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Cannabis… the Canadian model the wrong one

9 November 2019

Although marijuana is not legal in Mexico… yet… I’ve been noticing for the last several months people advertising in the foreigners sites for sales and marketing people in what they expect to be some sort of boom market.  While I don’t expect the domestic market to be all that large (except maybe for foreigners and hipsters who can afford those less traditional forms of ingestion, like “artisanal” candies and whatnot, I did notice the advertisers, when questioned, all say the regulations that are going to favor them are coming, and the advertiser is a “respectable” Canadian company.

Although my concerns about marijuana legalization centered around probable US agro-business running roughshod over the intended beneficiaries of legalization (farmers, indigenous people, victims of the “unregulated exporters”) and have drawn my parallels to the history of other luxury crop exports (sugar, with it’s history of slavery; coffee and bananas, an on-going saga of labor exploitation, land theft, and murder), Canadian journalist, and long time observer of her country’s “investments” in Latin America, Dawn Marie Paley, in addition to long reporting on the narcotics trade and its impact on our part of the world, has seen another “development model”.  I don’t know if her article in today’s Jornada was also written, or might be published, in her native English, so I went ahead and translated it.


It has just been a year since Canada legalized the production, consumption and sale of marijuana, becoming the second country in the world to do so, after Uruguay.

But unlike Uruguay, Canada has a long history as the headquarters for multinational companies, many working on an extractivist model to return profits to managers and shareholders in Toronto and New York. Apparently, the cannabis sector is looking to follow in the footsteps of Canadian mining companies.

Canadian miners established a business model attractive to cannabis companies, based on extractivism and cheap labor. The miners try to influence legislative changes in their favor, just as cannabis companies do. Today we are facing an attempt to build a colonial and punitive international cannabis industry.

The largest marijuana company is Canopy Growth, based in Ontario. Canopy has 8 billion dollars in shares and operations in 14 countries. Its largest shareholder is Constellation Brands, owner of Grupo Modelo, Corona, and Pacífico in the United States. In recent years, Constellation has been the target of protests and boycotts against the construction of a new [export] brewery in Mexicali.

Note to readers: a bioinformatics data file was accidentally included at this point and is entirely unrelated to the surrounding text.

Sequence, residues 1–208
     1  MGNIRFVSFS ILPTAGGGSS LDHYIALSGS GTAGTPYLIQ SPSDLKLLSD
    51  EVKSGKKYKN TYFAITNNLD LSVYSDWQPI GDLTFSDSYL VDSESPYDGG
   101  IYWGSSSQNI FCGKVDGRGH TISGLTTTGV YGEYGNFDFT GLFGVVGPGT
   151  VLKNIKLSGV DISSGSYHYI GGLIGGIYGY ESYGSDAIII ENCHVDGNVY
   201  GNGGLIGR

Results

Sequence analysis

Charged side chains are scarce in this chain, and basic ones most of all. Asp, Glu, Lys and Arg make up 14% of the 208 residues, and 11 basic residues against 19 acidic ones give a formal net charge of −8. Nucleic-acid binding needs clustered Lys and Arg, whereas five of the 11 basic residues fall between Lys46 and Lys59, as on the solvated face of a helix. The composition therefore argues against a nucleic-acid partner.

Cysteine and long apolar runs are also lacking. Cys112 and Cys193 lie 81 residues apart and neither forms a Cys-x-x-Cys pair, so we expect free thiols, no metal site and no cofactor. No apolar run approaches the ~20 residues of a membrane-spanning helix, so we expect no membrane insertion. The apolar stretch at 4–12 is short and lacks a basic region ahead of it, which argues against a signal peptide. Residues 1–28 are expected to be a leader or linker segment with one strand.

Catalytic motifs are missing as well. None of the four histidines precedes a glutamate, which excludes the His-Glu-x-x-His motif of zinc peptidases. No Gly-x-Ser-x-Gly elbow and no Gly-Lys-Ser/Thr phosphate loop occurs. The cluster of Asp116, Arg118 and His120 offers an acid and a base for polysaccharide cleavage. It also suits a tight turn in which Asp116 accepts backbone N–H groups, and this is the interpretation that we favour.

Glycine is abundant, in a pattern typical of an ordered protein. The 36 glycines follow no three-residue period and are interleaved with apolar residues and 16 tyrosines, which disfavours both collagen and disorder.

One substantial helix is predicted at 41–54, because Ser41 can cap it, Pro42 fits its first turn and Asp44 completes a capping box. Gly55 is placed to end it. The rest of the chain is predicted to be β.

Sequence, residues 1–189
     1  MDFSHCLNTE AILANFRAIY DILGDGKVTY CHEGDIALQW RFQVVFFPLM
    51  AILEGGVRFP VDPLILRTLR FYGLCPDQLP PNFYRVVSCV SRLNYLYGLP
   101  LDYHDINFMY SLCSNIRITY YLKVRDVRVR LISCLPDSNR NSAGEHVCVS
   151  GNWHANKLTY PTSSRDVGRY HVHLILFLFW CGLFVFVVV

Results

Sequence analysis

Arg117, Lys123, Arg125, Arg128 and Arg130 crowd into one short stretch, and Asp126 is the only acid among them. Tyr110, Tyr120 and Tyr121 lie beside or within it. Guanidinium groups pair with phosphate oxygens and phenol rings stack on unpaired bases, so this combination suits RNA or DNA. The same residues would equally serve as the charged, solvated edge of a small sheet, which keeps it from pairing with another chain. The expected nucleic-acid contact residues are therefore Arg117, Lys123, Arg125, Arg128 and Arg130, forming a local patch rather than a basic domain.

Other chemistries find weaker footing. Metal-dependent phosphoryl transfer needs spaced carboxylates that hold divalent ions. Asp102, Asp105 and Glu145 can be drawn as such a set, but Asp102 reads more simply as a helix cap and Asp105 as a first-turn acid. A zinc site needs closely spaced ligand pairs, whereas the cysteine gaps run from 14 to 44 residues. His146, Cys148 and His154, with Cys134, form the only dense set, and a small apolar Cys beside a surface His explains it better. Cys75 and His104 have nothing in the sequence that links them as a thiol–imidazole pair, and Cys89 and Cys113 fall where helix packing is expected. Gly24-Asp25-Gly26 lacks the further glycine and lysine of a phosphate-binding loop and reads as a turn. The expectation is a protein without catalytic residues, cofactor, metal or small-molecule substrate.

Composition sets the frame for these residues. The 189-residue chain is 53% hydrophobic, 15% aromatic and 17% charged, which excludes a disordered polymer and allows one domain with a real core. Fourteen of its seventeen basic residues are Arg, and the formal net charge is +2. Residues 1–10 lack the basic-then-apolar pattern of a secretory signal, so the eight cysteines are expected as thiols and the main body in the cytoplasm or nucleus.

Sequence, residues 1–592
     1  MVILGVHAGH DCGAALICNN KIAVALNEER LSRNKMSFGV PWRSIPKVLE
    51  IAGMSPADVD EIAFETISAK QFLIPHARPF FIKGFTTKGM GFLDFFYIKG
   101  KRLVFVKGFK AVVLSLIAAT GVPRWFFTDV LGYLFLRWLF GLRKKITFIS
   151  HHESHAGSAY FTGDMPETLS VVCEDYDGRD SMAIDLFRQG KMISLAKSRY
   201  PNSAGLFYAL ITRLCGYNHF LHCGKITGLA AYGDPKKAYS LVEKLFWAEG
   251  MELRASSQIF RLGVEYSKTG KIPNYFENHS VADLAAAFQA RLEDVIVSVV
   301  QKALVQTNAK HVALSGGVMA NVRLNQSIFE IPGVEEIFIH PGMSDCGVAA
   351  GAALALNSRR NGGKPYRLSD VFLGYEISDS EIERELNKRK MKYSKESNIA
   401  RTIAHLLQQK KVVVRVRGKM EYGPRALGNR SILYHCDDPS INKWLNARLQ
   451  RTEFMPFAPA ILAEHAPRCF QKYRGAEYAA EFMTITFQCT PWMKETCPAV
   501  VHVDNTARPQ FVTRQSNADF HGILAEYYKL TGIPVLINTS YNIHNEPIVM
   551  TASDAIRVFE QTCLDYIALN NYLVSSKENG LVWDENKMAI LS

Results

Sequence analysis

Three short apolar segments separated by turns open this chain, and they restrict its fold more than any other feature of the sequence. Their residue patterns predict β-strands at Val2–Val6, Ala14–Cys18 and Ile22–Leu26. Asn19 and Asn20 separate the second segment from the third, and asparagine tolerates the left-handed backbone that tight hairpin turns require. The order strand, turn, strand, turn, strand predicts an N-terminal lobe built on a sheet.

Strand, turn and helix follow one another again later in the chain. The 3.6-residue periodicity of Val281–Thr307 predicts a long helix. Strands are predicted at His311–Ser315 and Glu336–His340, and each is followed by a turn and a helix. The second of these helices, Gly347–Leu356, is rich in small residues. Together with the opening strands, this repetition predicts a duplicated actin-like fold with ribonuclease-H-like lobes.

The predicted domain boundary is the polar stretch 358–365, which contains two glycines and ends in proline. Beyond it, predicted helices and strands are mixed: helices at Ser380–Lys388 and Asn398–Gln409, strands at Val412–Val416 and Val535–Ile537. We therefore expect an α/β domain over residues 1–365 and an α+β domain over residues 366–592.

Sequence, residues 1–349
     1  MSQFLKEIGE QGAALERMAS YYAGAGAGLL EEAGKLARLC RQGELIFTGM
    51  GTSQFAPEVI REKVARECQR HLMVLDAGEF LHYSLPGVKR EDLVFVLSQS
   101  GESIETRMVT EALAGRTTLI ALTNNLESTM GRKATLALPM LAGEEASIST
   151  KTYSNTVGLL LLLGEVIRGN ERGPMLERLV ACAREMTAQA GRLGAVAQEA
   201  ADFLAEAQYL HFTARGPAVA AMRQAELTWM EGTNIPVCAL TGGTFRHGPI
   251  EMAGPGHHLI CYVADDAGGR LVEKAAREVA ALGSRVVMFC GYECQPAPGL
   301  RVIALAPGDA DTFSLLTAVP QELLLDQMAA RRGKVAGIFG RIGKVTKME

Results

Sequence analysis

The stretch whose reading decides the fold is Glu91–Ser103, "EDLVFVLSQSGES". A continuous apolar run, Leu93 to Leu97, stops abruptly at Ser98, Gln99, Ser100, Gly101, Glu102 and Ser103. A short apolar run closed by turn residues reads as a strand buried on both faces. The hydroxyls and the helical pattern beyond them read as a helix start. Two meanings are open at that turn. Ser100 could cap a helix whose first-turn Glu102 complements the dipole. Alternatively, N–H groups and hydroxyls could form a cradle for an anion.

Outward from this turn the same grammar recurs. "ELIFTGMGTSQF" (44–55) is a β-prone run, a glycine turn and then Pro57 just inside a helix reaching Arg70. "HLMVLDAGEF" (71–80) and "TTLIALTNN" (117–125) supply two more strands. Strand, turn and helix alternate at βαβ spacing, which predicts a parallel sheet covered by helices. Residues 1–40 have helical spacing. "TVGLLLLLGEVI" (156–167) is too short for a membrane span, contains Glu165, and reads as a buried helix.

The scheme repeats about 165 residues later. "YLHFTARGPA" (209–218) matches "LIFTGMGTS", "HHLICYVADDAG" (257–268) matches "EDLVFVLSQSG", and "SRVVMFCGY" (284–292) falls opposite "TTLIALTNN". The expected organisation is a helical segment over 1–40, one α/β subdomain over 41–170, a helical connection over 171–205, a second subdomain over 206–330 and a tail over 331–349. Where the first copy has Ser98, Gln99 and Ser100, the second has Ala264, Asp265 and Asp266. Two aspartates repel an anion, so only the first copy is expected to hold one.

There are also other Canadian cannabis companies valued at billions of dollars, with operations in Asia, Africa and Europe. These companies have two interests when investing in other nations. They want to establish their own farms for marijuana production for eventual export to Canada (and the United States, when marijuana is legalized nationally),  But they also want to monopolize national markets. Utopia for them, perhaps, would be consumers having access only their proprietary marijuana products.

Cannabis companies are already lobbying in Mexico. “Representatives of international and national firms, laboratories, pharmaceutical companies, production companies” have been pressuring senators on regulation, according to the Morenista senator Ricardo Monreal. He added that the Senate wants to “cool the impetus a bit” and not move forward with regulating marijuana under pressure from business lobbyists.

The Mexican Senate should have issued its regulations on cannabis for adult use by October 31, but requested an extension, that was granted by the Supreme Court of Justice of the Nation (SCJN). Now, the Senate and Chamber of Deputies now have until April 30 of next year to pass legislation on recreational cannabis use in Mexico.

Regulation is a minefield, in which corporate interests threaten to overlook those of the  traditional cultivators and victims of prohibition-related violence. Experiences in other nations of Latin America teach us that it is necessary that regulation be robust and inclusive.

In Colombia, for example, activists worked hard to achieve regulation that would contribute to peace-building, including the [rights and expectations of] traditional cultivators, war victims and indigenous peoples. However, despite the efforts, almost all traditional growers have been left out of an integral participation in the legal business, because the market has been monopolized by a group of Canadian companies.

The National Development Plan presented by President Andrés Manuel López Obrador promised an “end of the‘ war on drugs ’”. But far from being decriminalized, state continues to work against those who produce, distribute and consume marijuana in the country. There are still people imprisoned for the simple fact of having few grams of grass for their personal consumption.

It is vitally urgent to regulate cannabis in Mexico.

But it is also important that in the Senate take their time and that there is transparency in Mexican marijuana regulatioons. But it is even more important that Mexico does not adopt a law that allows unlimited participation for foreign companies.

As the #RegulationForLaPaz coalition has always insisted, marijuana regulation should be focused on social justice, protecting small producers and contributing to reparations for the hundreds of thousands of victims of violence resulting from the so-called fight against drug trafficking.

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